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Edgewalkers is a collection of diverse experiences in and apart from the westernized university. Through observations and positionalities narrated from various vantage points, authors recount the ways that the westernized university serves the knowledge enterprise of coloniality while considering its transformative possibilities. Presented in four sections— Section I: Land, places, and economy, Section II: Authority, power, and institutions, Section III: Normativity, being, and society, and Section IV: Knowledge, subjectivity, and praxis—the volume moves beyond traditional critiques of the westernized university structure and conventional connections between scholarship and social responsibility. Through scholarship that engages multiple lenses of ethics, politics, and poetics, authors explore the multiple ways that knowledge and spaces of knowing are produced as they share pellucid meanings of social and epistemic justice, decoloniality and embodiment, and vivid re-imaginings of what the university can be.

Edgewalkers and the westernized university

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  • Edgewalkers and the westernized university

  • Elizabeth A. Sumida Huaman is Professor in the College of Education and Human Development at the University of Minnesota, Twin Cities. A Wanka and Quechua (Indigenous Andean) educational researcher, her work focuses on the links between environment, land-based cultural practices, and educational development in the Americas. Her work includes collaborative studies with Indigenous communities and organizations on Indigenous knowledge systems and land stewardship through educational research and design.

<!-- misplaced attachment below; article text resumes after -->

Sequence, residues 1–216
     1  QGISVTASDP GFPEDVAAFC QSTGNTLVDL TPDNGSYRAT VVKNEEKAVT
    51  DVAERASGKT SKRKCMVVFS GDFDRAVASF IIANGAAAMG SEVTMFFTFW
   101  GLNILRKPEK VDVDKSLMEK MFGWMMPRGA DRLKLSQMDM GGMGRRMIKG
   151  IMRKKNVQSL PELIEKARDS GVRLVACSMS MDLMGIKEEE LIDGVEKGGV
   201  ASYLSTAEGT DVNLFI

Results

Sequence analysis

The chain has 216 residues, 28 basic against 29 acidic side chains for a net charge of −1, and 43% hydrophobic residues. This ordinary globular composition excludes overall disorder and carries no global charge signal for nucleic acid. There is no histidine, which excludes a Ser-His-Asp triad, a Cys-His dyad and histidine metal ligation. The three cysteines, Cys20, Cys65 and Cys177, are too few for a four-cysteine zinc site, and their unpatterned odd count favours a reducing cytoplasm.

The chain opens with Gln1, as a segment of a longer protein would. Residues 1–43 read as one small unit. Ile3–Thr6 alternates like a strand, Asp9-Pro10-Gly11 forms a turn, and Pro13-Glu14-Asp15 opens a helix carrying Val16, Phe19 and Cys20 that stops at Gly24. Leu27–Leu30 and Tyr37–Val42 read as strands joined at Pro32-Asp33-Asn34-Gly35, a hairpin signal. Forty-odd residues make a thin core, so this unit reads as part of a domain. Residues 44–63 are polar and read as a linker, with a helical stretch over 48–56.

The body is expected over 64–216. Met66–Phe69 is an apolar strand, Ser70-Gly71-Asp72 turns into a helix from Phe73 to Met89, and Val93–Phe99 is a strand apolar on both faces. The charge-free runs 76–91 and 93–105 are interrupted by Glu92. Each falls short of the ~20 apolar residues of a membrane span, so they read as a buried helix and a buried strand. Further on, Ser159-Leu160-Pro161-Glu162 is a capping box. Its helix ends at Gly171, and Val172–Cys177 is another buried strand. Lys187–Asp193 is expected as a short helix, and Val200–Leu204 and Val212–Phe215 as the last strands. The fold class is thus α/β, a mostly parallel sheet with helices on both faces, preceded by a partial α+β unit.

Nathan D. Martin is Associate Professor in the School of Social Transformation at Arizona State University. As a sociologist, his research contributes to academic debates, produces policy‐relevant knowledge, and advances principles of equity, access, and social justice. Two research areas lie at the heart of his work: inequalities in postsecondary education, and social class formation and identity in the current globalization era.

     

    na’im madyun is an Instructional Coach focused on family engagement at Intermediate School District 287. ISD 287 is a trauma-sensitive, equity-centered school district that educates students who are unable to receive the well-being support needed in their "home" school district. Dr. madyun was formerly a higher education administrator and associate professor of higher education where he focused on access to higher education and social factors explaining education disparities for minoritized youth.

     

    Peter Mataira is Associate Professor in the School of Social Work in the College of Health and Society at Hawai‘i Pacific University. Dr. Mataira is a Māori scholar with extensive clinical health and community work experience as a substance abuse educator and counselor, health advocate, policy analyst, grant writer, and business consultant. He has published on themes including social entrepreneurship, Indigenous research methods, masculinity, resiliency, and adaptive leadership.

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